Peeling Saplings For Molly KoolBy Helen Opie #904 "Molly Kool" (1es 1eo 1ea 31ar)
Here are my steps to peeling the spruce saplings for making my spars.
First I talked to a carpenter friend learnt which was the better tree, fir or spruce. Ray told me to choose spruce because that is a tough, flexible wood; fir is brittle and likely to give under strain. Then he told me how to identify both. Fir branches grow out in neat whorls each set at about the same height, sort of like umbrella ribs; spruce branches are more randomly or irregularly spaced. Spruce has prickly needles and fir has smooth flattened ones.
Next, I went out in the woods behind my friend Heather's camp to look for some straight spruce saplings. Everything there was fir. Will Taylor (Heather's uncle) of Hull #607 was with me for moral support, and he cut the first tree. I cut the others while he limbed that one - because I want to do as much as I can myself. We went down the road to where someone had cut over the land leaving patches of small saplings. All were straight because they had had other trees close around them to force them straight upwards for sunlight. I found 3 saplings close to each other and also where I could cross the water-filled ditch. Cut them with a 21" bow saw. Cutting off the tops at about 1 1/2" diameter also removed most of the live branches. I removed the others with the saw - my chopping skills with my hatchet were laughable and mostly scarred the bark. Splitting kindling is my only hatchet skill. The dead branches broke off easily. Sometimes I bashed them with the back of the hatchet.
They went home on Neil Bent's trailer, a man who was splitting wood for Heather, to be carried to me the following week when his brother Gordon would come to my place to put up a netting tent over my small fruits.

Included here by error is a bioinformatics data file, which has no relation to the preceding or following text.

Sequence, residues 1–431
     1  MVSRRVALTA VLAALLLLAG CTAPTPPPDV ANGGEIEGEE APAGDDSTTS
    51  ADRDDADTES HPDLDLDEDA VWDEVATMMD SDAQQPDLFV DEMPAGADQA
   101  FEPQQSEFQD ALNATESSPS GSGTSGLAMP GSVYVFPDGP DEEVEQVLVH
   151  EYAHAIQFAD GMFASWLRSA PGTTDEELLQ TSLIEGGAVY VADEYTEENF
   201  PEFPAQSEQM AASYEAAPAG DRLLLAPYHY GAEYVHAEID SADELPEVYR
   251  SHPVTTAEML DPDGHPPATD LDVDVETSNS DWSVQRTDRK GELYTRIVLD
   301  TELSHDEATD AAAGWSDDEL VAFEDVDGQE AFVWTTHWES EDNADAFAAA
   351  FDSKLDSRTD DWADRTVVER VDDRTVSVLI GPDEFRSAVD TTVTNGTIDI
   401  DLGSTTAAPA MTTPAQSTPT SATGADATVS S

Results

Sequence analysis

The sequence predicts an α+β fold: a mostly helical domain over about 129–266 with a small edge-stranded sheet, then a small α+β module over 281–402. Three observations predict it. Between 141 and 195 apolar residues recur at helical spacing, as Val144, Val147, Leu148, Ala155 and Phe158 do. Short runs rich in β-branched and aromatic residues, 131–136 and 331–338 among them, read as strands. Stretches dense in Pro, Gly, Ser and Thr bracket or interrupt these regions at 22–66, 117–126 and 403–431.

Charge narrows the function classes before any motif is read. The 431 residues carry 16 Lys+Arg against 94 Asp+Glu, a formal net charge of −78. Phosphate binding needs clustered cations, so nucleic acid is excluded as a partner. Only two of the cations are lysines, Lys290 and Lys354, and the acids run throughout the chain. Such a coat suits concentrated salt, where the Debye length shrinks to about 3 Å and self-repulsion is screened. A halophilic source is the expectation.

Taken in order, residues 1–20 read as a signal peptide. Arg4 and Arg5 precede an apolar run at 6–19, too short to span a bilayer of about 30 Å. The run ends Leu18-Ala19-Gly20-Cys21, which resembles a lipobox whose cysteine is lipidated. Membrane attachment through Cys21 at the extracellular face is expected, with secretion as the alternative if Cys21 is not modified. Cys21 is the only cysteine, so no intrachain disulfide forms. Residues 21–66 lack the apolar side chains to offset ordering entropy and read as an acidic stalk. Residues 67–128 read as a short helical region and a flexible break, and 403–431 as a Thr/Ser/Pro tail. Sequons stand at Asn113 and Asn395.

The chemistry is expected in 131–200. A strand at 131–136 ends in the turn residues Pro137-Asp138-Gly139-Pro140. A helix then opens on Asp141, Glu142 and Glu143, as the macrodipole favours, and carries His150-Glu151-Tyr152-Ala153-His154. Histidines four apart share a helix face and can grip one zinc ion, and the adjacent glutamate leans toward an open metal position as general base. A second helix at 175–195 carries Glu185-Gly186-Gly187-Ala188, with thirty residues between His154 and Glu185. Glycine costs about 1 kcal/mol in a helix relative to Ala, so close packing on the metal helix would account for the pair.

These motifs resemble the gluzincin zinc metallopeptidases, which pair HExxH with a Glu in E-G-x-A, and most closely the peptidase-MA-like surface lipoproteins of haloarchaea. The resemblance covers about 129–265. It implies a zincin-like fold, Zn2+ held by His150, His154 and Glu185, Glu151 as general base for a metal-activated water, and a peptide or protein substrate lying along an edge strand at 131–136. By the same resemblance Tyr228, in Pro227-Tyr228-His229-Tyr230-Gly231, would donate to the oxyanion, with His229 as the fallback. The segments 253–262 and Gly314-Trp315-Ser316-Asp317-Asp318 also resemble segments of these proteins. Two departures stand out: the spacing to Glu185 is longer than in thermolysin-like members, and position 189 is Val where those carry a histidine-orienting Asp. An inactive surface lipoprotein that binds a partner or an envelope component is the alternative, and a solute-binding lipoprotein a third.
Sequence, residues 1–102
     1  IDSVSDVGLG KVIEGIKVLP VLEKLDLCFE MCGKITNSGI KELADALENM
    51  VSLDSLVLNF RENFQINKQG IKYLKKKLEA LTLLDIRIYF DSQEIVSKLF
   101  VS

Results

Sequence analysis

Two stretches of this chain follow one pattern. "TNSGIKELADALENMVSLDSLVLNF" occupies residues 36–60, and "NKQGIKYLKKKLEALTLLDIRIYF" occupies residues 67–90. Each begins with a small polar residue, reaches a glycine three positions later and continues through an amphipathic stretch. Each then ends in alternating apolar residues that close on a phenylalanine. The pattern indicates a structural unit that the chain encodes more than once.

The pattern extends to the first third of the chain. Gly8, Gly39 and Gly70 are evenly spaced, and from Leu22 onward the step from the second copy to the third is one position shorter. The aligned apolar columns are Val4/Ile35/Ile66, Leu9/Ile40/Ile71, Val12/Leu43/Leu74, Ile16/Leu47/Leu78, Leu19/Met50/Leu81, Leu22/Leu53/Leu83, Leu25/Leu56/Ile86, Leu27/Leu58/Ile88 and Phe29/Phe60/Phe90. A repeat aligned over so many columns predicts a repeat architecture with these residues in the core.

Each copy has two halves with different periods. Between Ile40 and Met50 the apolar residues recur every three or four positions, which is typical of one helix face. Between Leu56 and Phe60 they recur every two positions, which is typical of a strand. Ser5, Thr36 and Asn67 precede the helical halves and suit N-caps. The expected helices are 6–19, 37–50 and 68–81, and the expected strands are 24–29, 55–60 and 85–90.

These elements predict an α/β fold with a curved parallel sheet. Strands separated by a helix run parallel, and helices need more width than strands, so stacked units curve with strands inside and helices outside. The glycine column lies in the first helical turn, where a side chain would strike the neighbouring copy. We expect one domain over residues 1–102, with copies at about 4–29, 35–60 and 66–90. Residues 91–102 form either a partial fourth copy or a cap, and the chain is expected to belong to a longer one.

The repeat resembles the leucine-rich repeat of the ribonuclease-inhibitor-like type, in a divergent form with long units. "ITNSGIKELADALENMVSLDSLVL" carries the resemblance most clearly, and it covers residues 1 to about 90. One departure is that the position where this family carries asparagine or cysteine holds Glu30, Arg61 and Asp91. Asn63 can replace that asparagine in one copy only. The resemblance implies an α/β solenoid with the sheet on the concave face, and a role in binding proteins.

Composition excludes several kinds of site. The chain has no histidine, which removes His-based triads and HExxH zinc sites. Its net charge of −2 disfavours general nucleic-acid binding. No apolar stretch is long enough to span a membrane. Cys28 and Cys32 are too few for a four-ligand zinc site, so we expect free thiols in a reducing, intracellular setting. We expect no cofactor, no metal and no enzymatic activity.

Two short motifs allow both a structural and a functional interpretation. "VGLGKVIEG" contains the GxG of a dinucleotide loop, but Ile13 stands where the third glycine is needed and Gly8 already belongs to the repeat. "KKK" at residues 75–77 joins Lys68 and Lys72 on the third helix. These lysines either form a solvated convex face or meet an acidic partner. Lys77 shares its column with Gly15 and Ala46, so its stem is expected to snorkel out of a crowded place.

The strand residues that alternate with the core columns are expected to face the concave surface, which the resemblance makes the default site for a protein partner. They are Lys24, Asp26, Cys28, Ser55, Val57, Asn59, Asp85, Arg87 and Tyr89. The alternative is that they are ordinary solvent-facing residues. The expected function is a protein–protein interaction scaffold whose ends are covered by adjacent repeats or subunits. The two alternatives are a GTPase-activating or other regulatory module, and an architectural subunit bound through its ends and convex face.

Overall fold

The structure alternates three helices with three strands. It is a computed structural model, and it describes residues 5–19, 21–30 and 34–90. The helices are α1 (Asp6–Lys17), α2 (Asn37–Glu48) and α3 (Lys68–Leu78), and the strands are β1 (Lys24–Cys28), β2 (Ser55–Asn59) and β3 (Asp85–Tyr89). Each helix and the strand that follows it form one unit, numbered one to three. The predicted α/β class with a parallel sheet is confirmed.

Meanwhile, getting nervous that I should have cut the trees at a different season, I read on line at http://northernwoodlands.org/articles/article/peeling_logs an article by Carl Damrow (of VT) that trees for leg projects should be felled in spring as soon as the sap begins to flow and show new growth, that until early July might be OK. We had a very late spring. Murphy lost and I had cut them soon enough! He said they should be peeled as soon as possible. (Would mine be too dry and therefore difficult? I'm good at worrying and nothing else presented itself.) I made a test-stripping the other evening and the bark peeled wonderfully easily! Worry laid to rest. Today I peeled them all in less than a day. It was more difficult to separate the next strip on my trial pole because the wood had dried out and the dried sap was adhering the bark. Once I was into protected bark, all stripped easily. I'd allowed 1 day/tree - did all in about 4 hours including hauling heavy sawhorses to front yard. I was awaiting firewood delivery and needed to be where I could be found. Another plus is that today was garbage day and the garbage man was curious about what I was doing. I invited him to come see and roped him into taking some photos. He'll be back in two weeks and by then I should have the hull out from under her rain cover so he can see what she looks like. He is already horrified by her size - or lack of it.
The two tools I used most were my kitchen boning knife and canvas pliers. If you have an artist friend who has canvas pliers, borrow them. They permit a great grip because they have 3" wide jaws, and they are easier to keep hold of than ordinary pliers because their wide grip keeps them from twisting out of your hand. (And, yes, I do have a sign that says Please park on grass.)